What Could Go Wrong When an Employer Rehires a Former Employee It Previously Terminated, Without Cause, But Under the Cloud of a Sexual Harassment Complaint?

June 2019

Article by: J. Najeeb Hassan

It’s surprising that the question in the title of this article even needs to be asked.  However, in the case of Colistro v. Tbaytel, 2019 ONCA 197 the Ontario Court of Appeal upheld a lower court decision that considered just that scenario.  The Court of Appeal’s distaste for the Employer’s conduct is apparent from the opening words of the decision:

This appeal considers the consequences that flow from a company’s decision to place its business interests above the expectations and concerns of a valued, long-time employee by rehiring an executive dismissed in part due to allegations of harassment of that same employee and others a decade earlier. It raises two main questions: (1) whether this decision constituted intentional infliction of mental suffering on the appellant, Linda Colistro; and (2) whether it resulted in her constructive dismissal.

Ultimately, Tbaytel was found to have constructively dismissed Ms. Colistro (although the court rejected the claim that it engaged in intentional infliction of mental suffering).  In addition to damages in lieu of reasonable notice, Tbaytel was also required to pay $100,000 in damages flowing from the manner in which it ended Ms. Colistro’s employment.

The trial judge concluded that Ms. Colistro had been constructively dismissed, in part, because “[it] was impossible for Tbaytel to employ [Ms. Colistro] and Mr. Benoit [her abuser] without the two of them potentially coming into contact with one another”, something Ms. Colistro found “unacceptable”, and because she vehemently objected to [Mr. Benoit] being rehired.  The court found that by doing so, Tbaytel “re-victimized [Ms. Colistro] and minimized the past conduct of Mr. Benoit in the eyes of [Ms. Colistro] and other Tbaytel employees”.  It is an understatement to say that the employer’s case was not helped by the fact that when the President of Tbaytel, wrote to Ms. Colistro to advise her of the decision to rehire Mr. Benoit he stated:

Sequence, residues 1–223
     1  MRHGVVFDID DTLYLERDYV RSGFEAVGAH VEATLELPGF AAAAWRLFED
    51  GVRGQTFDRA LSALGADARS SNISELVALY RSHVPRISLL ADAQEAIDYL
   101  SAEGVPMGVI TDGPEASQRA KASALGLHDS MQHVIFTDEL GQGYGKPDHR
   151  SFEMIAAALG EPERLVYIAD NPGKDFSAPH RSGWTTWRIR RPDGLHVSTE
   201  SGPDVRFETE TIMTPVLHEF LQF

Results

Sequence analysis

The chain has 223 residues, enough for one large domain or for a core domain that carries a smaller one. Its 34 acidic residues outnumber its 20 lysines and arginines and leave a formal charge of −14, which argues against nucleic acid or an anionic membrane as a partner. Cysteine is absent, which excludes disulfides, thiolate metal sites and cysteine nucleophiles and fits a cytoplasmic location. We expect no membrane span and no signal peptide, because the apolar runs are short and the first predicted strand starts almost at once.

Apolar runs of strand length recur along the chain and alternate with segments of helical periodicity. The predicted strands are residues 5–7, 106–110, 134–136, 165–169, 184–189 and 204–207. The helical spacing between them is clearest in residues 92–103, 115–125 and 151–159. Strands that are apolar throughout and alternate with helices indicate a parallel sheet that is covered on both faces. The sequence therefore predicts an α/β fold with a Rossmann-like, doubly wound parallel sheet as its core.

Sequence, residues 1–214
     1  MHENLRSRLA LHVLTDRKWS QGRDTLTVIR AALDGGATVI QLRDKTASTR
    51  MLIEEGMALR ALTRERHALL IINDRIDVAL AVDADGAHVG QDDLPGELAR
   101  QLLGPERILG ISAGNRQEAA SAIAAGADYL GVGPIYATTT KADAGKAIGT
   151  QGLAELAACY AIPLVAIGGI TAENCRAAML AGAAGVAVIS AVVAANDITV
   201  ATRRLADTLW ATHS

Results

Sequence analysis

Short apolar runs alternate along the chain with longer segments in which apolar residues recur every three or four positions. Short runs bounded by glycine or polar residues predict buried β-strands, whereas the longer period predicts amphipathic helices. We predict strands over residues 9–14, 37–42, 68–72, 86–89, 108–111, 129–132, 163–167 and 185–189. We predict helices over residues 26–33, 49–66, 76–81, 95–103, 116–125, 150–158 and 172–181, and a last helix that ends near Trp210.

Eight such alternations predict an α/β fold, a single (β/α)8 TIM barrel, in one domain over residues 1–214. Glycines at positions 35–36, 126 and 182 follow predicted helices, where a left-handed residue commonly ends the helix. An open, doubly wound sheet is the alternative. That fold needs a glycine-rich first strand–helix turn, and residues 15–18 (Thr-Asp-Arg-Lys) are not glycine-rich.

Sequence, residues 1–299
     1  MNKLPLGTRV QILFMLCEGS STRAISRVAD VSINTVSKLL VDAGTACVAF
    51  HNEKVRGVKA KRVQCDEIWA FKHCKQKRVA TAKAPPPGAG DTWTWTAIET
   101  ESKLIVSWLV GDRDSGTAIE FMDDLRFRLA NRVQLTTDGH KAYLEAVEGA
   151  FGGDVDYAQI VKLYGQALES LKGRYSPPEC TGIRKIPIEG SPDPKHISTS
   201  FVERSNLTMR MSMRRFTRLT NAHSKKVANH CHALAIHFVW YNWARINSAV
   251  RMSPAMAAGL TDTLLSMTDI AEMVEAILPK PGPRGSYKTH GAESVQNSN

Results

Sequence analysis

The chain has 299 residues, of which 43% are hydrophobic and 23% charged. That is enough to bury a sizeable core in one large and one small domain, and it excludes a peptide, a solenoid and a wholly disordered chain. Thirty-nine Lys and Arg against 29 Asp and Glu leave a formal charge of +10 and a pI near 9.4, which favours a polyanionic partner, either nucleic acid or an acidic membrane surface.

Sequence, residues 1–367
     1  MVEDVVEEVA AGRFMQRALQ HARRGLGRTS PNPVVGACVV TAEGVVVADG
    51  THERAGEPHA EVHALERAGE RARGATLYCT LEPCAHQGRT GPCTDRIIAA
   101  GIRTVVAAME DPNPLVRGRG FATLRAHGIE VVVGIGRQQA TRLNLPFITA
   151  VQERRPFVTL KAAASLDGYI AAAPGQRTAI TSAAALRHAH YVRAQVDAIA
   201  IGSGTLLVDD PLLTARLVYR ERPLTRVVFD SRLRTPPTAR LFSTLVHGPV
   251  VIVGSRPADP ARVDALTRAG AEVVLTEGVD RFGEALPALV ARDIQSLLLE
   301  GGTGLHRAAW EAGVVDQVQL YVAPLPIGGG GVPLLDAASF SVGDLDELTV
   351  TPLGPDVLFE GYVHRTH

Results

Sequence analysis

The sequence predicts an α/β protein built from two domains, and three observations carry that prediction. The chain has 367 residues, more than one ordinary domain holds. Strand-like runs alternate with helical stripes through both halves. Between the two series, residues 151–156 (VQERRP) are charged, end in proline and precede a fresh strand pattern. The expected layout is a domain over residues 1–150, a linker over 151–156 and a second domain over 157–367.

I have come to the decision that there is no legal or other reason not to go forward with hiring Mr. Benoit…You may find that you are unable to accept my decision and, in that case, you will have to proceed as you see fit.

Nor did it help that the President apparently told Mr. Benoit that what was done to him when he was previously let go was ‘“a [f%$&] travesty”.

Not surprisingly, the court concluded that the employer had acted “with blatant disregard for the interests of [Ms. Colistro]” and that the hiring of Mr. Benoit resulted in a very significant negative reaction by her (she suffered from PTSD and depression). The trial judge found that “an objective reasonable bystander, aware of all the facts, would find that [Ms. Colistro’s] continued employment with Tbaytel in these circumstances was intolerable.”  The Ontario Court of Appeal agreed.

The consequences for the employer could have been easily avoided if it put itself in the shoes of Ms. Colistro (who by all accounts had been an excellent employee for over twenty years) and other employees who also voiced concerns regarding Mr. Benoit’s rehiring.  Instead, it suffered a stinging rebuke from the court and a significant damage award against it.

A further take-away for employers from this case is that there is great value in making a reasonable settlement offer in the course of litigation. In this case, Tbaytel did that.  It made significant settlement proposals, which Ms. Colistro turned down. Regrettably for her, she did worse at trial than if she had accepted the offers.  As a result she was ordered to pay a portion of her former employer’s legal fees (in the neighbourhood of $200,000) effectively making her worse off financially for having commenced the claim. So too, this is a lesson for all litigants. When a reasonable settlement offer is made, failure to accept it could result in financial hardship if the result at trial turns out to be less than the offer.  This was a costly situation for both parties.  For the employer, however, not only did it incur unnecessary costs, its reputation was marred and it lost the services of an excellent employee.  This was true case where there was no winner at the end of the day.